Juliet Anne Prowse was a dancer, whose four-decade career included stage, television and film. She was raised in South Africa, where her family emigrated after World War II. Known for her attractive legs, she was described after her death as having "... arguably the best legs since Betty Grable."
In her early twenties, she was dancing at a club in Paris when she was spotted by a talent agent and eventually signed to play the role of Claudine in the Walter Lang film Can-Can. It was during the filming of Can-Can in 1959 that she captured the international spotlight. Soviet leader Nikita Khrushchev visited the set of the film and after Prowse performed a rather saucy can-can for the Russian leader, he proclaimed her dance immoral. The publicity brought Prowse considerable attention in the United States. Prowse met Frank Sinatra on the set of Can-Can. Time magazine did not rate the movie highly, but declared Prowse the best thing in it: "In fact, the only thing really worth seeing is Juliet Prowse, a young South African hoofer who puts some twinkle in the stub-toed choreography. And the only thing really worth hearing is the crack that Frank flips back at Juliet when she whips a redoubtable hip in his direction. "Don't point", he gasps. "It's rude." She would go on to appear with Sinatra and other notable guests such as Ella Fitzgerald, Peter Lawford, Hermione Gingold, the Hi-Lo's, Red Norvo, Nelson Riddle and his orchestra on the 1959 Frank Sinatra Show. She at times would sing in the chorus with other guests or Sinatra would sing to her.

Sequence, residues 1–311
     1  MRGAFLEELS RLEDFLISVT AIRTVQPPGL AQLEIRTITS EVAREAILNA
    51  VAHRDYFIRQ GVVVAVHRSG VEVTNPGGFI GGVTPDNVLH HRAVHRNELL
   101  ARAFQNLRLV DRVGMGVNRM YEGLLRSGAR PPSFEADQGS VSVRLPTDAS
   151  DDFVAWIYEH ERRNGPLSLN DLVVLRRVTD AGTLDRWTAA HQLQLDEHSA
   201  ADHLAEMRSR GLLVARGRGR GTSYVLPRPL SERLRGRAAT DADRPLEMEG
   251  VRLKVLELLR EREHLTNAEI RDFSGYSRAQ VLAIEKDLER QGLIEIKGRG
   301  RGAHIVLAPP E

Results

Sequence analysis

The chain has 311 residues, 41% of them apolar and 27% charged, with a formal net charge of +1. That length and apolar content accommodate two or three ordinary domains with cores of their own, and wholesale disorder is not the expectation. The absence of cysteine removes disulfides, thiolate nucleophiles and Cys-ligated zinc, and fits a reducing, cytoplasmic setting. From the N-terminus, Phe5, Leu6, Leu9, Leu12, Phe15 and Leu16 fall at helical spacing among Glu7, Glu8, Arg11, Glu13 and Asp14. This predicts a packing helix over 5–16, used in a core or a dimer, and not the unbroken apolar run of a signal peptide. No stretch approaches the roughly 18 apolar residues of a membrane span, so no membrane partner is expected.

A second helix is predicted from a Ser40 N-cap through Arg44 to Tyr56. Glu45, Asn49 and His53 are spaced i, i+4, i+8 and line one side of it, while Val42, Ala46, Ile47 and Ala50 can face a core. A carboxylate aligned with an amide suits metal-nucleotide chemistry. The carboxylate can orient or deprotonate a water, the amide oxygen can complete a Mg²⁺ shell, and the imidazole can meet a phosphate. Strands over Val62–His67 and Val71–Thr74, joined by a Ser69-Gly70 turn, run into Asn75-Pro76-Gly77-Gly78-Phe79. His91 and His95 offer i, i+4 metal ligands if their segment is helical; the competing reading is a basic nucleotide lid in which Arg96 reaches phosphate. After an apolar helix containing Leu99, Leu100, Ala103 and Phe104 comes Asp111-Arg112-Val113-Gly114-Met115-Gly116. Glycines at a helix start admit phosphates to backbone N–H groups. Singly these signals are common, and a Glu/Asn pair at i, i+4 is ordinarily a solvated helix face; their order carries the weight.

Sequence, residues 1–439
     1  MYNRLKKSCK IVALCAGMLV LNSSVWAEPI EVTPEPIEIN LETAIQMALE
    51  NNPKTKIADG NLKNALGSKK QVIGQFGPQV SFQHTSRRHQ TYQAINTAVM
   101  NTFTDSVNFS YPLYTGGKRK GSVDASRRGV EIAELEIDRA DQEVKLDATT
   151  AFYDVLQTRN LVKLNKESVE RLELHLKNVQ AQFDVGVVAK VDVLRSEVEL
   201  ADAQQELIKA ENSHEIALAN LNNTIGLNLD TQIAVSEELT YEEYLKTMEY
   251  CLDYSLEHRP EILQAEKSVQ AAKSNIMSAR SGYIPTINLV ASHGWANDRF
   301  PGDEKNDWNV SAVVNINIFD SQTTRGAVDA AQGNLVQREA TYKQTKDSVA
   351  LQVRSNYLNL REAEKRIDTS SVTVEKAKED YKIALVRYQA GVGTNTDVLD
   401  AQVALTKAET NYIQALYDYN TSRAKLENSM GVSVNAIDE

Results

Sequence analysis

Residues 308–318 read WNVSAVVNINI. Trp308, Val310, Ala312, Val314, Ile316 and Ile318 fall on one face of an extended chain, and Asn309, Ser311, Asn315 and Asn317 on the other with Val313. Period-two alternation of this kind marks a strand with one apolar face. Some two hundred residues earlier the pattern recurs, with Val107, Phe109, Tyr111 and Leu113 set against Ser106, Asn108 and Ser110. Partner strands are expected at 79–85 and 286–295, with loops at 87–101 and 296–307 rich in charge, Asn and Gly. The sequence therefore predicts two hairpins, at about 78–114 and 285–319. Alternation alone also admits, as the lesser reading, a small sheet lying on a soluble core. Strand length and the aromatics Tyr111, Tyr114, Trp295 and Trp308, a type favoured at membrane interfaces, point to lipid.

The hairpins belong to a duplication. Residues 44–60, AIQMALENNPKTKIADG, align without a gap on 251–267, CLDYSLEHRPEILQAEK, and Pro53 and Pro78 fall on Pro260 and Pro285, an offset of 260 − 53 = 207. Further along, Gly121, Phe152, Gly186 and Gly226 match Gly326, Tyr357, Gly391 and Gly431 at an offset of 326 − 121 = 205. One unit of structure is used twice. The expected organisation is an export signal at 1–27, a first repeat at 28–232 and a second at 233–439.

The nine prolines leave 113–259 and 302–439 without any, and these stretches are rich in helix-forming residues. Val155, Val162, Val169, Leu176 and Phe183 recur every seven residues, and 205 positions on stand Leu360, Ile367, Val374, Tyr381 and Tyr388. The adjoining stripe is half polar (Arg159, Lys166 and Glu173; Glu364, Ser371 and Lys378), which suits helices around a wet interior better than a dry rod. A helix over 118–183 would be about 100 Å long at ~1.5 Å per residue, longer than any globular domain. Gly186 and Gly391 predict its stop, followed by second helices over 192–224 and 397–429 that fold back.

Sinatra invited Prowse to join him in Las Vegas, even though she was living with the actor Nico Minardos at the time. Sinatra and Prowse announced their engagement in 1962. Soon afterwards they broke up, reportedly because Prowse wanted to concentrate on her career. Prowse later admitted, "I was as much flattered as I was in love. He (Sinatra) was a complex person, and after a few drinks he could be very difficult."
Prowse co-starred alongside Elvis Presley in G.I. Blues. During shooting of the film, they had a short and intense fling. "Elvis and I had an affair. ... We had a sexual attraction like two healthy young people, but he was already a victim of his fans. We always met in his room and never went out." Prowse also made a brief cameo appearance in the Metro-Goldwyn-Mayer documentary film, Elvis: That's the Way.
She starred with Denny Scott Miller on her own NBC sitcom in the 1965-1966 season: Mona McCluskey, which was produced by George Burns. The series was based on the idea that the couple, Mike and Mona McCluskey, would live on his military salary, rather than her lucrative earnings as an actress.
In the late 1980s, she was mauled by an 80-pound leopard – twice. Once, while filming a scene for Circus of the Stars in 1987 and later that same year rehearsing a promotional stunt on The Tonight Show, when the same leopard attacked her. The later attack was more serious, requiring upwards of twenty stitches to reattach her ear.